Tbilisi Principles: Ways to Maintain Financial Integrity while Mobilizing Humanitarian Aid

News | Open Governance and Anti-Corruption | Article 11 November 2022

Millions of people have been trying to mobilize humanitarian aid after the Russian invasion of Ukraine. The role of civil society was incremental in this process. The war also impacted the Eastern Partnership countries. Emerging crises and civil society’s relief efforts demonstrated that similar solidarity actions might be hindered due to regulations avoiding different risks. These regulations imply those laws and rules aim to ensure transparency of financial systems and prevent money laundering, terrorist financing, and other forms of illicit financing. Therefore it is of great importance to find a proper balance, which is not easy to achieve. However, existing challenges and new developments showed that in times of crisis that balance may shift, and temporary tolerance to more risk is acceptable in order to facilitate vital humanitarian action. At the same time, if this balance must shift, it is best that it shifts quickly, and in a planned and deliberate way.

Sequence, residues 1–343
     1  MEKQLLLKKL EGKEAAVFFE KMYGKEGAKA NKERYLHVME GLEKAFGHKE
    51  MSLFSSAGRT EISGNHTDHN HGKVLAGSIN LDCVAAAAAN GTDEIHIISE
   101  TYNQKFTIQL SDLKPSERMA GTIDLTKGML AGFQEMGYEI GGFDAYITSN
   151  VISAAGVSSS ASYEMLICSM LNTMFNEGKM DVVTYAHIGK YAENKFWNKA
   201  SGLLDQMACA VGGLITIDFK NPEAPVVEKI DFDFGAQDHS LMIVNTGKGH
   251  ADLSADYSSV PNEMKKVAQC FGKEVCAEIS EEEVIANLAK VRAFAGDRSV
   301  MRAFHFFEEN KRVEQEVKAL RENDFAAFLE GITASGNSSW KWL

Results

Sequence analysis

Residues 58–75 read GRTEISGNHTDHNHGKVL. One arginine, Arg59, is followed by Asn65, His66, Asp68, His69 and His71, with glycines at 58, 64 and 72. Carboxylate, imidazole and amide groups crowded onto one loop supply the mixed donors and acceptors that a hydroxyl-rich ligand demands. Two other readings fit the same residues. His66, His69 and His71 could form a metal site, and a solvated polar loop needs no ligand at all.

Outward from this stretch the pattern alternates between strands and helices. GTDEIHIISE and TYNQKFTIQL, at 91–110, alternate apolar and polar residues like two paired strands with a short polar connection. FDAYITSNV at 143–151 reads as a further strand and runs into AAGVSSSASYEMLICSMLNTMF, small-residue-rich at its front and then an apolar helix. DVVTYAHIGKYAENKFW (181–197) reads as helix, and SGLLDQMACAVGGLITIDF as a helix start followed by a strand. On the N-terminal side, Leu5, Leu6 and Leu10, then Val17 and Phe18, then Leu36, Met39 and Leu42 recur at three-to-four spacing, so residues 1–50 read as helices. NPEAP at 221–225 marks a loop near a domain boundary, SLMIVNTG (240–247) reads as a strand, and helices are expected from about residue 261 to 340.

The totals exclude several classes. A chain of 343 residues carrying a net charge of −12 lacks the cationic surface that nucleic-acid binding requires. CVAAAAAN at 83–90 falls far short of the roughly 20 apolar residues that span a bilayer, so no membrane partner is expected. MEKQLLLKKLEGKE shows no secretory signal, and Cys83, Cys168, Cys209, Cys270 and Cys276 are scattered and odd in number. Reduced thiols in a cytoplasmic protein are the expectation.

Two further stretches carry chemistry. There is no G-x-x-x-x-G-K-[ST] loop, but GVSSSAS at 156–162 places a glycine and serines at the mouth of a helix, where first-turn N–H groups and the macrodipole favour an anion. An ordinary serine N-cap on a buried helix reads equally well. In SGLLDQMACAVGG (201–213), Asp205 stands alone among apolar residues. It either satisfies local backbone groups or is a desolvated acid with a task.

The mentioned issues are covered by the so-called “Tbilisi Principles”, which address various sectors and suggest recommendations based on their work and competencies. In particular, the document includes suggestions for public sector/government, private sector/financial institutions, donors, and civil society representatives, as well as the Financial Action Task Force and European Union.


So-called “Tbilisi Principles” were elaborated during the regional event held in Tbilisi, from 7th to 9th June 2022 by the EU Anti-Money Laundering and Counter-Terrorism Financing (AML/CFT) Global Facility. The Institute for Development of Freedom of Information (IDFI) was the local partner of the event. The main topic of discussion was the consequences of the Ukraine invasion on the AML/CFT regime for NPOs in the Eastern Partnership countries.


The hybrid event was attended by 60 representatives of civil society from the Eastern Partnership and EU, representatives of the European Delegation, the Committee of Experts on the Evaluation of Anti-Money Laundering Measures and the Financing of Terrorism (MONEYVAL), and The Financial Action Task Force (FATF), moreover, Bank Association of Europe and other private sector representatives.


Tbilisi Principles were drafted by civil society organizations from across the Eastern Partnership region with the facilitation and participation of international organizations and experts.  



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